31 January 2017
European economic law, neoliberal hegemony, the legal method and the role of critical legal scholarship
European economic law, neoliberal hegemony, the legal method and the role of critical legal scholarship (or: If the European Treaties unambiguously and systematically prescribed policies which area liable to threaten liberal democracy, why should I feel bound by them?) Last year I published a book titled The Pluralist Character of the European Economic Constitution. Put in negative terms, its main claim is that the Treaties do not require European policies to follow any specific socio-economic paradigm. This implies, put in positive terms, that (European and national) legislators, administrators and judges frequently have the option to pursue a broad spectrum of socio-economic policies; the currently observable neoliberal bias of the Union therefore constitutes a political choice, and not a legal requirement.
The book’s claim is based on a historical, functional/teleological and textual interpretation of the Treaties; the claim as to the Treaties’ pluralist character is developed in two historical chapters (on the Treaty of Rome and the “1992” project), an economic chapter (showing that different, conflicting economic views exist on how to achieve the Union’s regulatory objectives) and two doctrinal studies (on internal market law as well as on the SGP and the post-crisis reforms). In this talk, I want to look at the methodical dimension of the claim and discuss its political implications, as well as the role of critical legal scholarship. Finally, it will be argued that the “pluralism” claim can be developed in other areas of economic law as well, which will be illustrated by reference to climate change.
Clemens Kaupa studied history and law at the University of Vienna and at Harvard Law School. Since 2013 he is assistant professor at the Vrije Universiteit Amsterdam. He published two books: the textbook EU Internal Market Law (with Friedl Weiss, CUP 2014) and the monograph The Pluralist Character of the European Economic Constitution (Hart 2016).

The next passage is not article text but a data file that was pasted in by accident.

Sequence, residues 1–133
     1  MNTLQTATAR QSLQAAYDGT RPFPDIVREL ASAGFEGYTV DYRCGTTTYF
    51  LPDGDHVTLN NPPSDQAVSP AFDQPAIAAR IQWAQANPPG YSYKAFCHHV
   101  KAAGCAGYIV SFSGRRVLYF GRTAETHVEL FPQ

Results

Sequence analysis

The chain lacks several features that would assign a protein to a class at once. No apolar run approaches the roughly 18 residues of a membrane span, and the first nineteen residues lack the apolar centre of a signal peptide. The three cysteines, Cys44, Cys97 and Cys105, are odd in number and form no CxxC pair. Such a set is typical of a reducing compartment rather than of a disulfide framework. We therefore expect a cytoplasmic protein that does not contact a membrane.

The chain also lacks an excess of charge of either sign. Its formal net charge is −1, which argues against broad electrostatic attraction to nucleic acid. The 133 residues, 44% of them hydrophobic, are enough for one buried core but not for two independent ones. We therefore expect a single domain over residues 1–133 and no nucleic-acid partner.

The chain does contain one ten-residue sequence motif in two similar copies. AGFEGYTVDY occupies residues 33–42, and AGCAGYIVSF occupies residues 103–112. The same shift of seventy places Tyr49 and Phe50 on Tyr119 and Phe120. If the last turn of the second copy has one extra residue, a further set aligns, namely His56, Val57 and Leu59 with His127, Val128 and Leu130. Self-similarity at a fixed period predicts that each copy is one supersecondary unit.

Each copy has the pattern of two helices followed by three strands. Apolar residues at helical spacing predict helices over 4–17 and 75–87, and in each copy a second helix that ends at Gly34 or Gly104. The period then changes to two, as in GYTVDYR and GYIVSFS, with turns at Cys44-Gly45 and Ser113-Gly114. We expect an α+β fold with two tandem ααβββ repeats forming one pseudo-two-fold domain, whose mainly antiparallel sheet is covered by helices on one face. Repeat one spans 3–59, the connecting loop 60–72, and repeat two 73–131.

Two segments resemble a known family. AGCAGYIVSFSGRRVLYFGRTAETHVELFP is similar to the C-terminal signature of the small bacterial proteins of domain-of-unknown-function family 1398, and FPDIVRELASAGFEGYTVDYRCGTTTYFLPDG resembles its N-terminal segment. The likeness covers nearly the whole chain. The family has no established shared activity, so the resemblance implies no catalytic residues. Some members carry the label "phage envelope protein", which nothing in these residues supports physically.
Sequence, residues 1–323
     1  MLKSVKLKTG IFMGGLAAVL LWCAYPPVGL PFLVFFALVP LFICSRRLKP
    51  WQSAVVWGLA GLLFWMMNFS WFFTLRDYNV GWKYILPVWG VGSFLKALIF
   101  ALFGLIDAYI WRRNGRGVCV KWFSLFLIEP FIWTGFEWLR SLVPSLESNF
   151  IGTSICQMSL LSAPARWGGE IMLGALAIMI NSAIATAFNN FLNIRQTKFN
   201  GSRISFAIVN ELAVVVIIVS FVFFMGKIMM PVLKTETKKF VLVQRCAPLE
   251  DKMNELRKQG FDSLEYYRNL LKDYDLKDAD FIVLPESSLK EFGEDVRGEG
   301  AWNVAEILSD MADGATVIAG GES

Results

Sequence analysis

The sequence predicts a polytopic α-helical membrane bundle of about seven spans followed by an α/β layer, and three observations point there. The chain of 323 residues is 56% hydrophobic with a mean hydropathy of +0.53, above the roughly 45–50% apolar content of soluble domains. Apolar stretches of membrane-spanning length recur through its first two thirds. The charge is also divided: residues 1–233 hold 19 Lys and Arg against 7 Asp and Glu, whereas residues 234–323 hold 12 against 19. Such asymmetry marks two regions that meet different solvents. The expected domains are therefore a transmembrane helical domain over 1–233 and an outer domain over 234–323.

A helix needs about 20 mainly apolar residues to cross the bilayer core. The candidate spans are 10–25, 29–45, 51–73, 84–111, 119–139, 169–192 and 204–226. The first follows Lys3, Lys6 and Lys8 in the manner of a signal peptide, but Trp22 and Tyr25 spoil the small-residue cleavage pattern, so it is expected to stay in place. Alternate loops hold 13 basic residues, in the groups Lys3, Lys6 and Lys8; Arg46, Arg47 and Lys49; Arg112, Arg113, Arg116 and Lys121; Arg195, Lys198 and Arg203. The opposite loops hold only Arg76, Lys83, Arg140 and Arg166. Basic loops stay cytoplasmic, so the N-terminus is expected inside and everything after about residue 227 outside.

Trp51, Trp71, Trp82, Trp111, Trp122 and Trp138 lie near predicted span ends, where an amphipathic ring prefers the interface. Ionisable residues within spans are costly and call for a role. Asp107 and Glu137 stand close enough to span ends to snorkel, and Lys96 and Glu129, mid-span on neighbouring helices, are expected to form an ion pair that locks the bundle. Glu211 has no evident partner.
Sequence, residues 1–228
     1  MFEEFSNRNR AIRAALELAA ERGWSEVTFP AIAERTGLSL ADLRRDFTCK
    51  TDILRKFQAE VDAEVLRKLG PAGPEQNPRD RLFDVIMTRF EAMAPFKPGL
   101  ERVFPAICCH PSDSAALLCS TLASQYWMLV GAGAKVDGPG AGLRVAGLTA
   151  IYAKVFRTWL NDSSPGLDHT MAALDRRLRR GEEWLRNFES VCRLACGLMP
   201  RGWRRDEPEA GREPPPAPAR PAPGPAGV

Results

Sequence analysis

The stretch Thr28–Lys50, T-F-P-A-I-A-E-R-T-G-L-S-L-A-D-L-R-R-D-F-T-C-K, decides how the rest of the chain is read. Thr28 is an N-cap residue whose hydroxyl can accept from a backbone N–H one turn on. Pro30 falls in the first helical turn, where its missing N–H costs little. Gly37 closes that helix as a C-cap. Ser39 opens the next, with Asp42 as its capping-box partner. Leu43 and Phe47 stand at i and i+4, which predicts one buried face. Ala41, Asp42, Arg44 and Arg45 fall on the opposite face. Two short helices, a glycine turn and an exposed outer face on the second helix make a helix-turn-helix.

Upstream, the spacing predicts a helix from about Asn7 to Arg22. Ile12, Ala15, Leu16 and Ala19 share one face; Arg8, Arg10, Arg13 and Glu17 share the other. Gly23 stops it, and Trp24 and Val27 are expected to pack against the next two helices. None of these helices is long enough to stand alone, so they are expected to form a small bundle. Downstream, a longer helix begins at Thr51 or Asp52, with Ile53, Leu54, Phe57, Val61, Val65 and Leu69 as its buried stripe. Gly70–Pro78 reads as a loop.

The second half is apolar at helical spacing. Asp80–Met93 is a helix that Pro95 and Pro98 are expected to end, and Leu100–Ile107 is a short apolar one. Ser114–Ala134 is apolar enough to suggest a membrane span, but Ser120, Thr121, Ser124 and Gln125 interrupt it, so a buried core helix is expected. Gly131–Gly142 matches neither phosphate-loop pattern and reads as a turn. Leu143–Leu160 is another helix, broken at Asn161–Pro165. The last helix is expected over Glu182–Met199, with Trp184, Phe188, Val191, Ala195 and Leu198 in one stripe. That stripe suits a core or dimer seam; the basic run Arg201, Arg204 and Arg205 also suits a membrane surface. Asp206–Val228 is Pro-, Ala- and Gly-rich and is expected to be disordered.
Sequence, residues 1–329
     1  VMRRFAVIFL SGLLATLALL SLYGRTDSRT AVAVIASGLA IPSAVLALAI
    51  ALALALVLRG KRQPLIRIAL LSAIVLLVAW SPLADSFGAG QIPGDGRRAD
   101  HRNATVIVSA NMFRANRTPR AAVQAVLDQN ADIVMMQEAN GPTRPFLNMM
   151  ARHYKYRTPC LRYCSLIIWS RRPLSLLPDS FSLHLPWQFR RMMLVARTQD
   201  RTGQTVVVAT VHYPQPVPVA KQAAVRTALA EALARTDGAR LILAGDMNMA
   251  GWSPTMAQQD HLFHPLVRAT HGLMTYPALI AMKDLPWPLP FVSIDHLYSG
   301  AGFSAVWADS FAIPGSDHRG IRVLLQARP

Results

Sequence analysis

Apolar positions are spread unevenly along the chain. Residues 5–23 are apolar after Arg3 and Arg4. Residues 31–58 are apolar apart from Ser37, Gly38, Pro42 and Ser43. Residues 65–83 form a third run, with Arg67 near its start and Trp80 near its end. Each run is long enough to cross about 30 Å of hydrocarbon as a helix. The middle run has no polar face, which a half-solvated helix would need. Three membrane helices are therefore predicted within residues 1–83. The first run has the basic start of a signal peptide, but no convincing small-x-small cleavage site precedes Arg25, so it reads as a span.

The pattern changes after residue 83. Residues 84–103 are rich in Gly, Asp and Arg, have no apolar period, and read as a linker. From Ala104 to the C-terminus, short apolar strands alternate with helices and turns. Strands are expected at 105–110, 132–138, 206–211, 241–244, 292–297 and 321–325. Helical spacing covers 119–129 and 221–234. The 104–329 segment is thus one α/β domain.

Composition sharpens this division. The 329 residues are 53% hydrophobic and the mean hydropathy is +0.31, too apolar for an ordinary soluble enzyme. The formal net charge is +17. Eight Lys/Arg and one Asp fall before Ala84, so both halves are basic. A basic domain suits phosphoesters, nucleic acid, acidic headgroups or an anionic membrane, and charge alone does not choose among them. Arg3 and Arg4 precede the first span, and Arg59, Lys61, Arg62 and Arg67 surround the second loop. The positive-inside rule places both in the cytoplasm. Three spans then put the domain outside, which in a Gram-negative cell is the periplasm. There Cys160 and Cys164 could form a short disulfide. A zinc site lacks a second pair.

7 February 2017
The central claim of the article is that the Court of Justice changes European law by observing the rules of principled incrementalism: it minimizes political conflict and maximizes legal coherence. Namely, the Court can establish a new legal principle, which alters legal reality (sets a strong precedent) but impose a remedy that requires little practical adaptation and thereby minimizes potential conflict. Or, it can pair a remedy that effectively disturbs the social reality while seemingly sticking to the established principles, familiar rhetoric and existing precedents. To test these claims empirically the paper traces the evolution and mutual interaction of linguistic routines, argumentation patterns, and remedies in fifty landmark cases over fifty years. It argues that principled incrementalism enables the Court to strike a workable balance between the demands of the individual case and the demands of the whole body of law, in particular legal coherence and consistency, and preserve its authority to interpret the law over time. The theory explains how the Court, albeit at times lacking popularity and approval, continues to retain sizeable political power and judicial authority.
Urška Šadl comes from Slovenia, and holds a BA degree in law from the Faculty of Law in Ljubljana, a LLM degree in European legal studies from the College of Europe, Bruges, and a PhD in law from the Faculty of Law in Copenhagen. She is currently a professor of law at the European University Institute in Florence, and a Global research fellow at iCourts centre of excellence in Copenhagen. Her research examines various tools and techniques that enable courts to make and change law via case-law and maintain their interpretive authority in the long run. Her main focus is the jurisprudence of the Court of Justice of the European Union.
21 February 2017
Joan Costa-Font, Brexit means: ‘Hectic’? Uncertainty in Post-Brexit National Health Service
Can Brexit influence policies in health care where European Union (EU) intervention has been traditionally limited? This article argues – consistently with the ‘Brexit means Hectic’ hypothesis - that Brexit will bring uncertainty to the continuation of the post-Brexit National Health Service as we have known it, increase health care costs, and especially the transaction costs to attract new health technology and high quality staff. The health care systems in the UK will have to adopt tighter budgets on both medical research and health services. This paper discusses on the impact on human resources, both on health and social care workers, as well as those working on Medical research. Such effects in addition to higher costs of Medicines procurement are expected to increase health care expenditures to the point that the National Health Service (NHS) will require some major reforms defying the traditional ‘NHS ring fencing’. Part of the latter, depends on the slowdown of the economy, and the fact that Britain is highly dependent on the medical innovation which is funded by large European funds.
Joan Costa-Font works at LSE as an Associate Professor of (‘Reader’ in) Political Economy, in the Departments of Social Policy and the European Institute. Joan is a CESifo network research fellow, and has been Harkness fellow at Harvard University and visiting fellow at UCL Economics department, Boston College (CRR), Oxford University (IA) and the University of Munich (CES).
7 March 2017
Vassilis Monastiriotis: Revisiting the ‘working of conditionality’: an economic model and a policy interpretation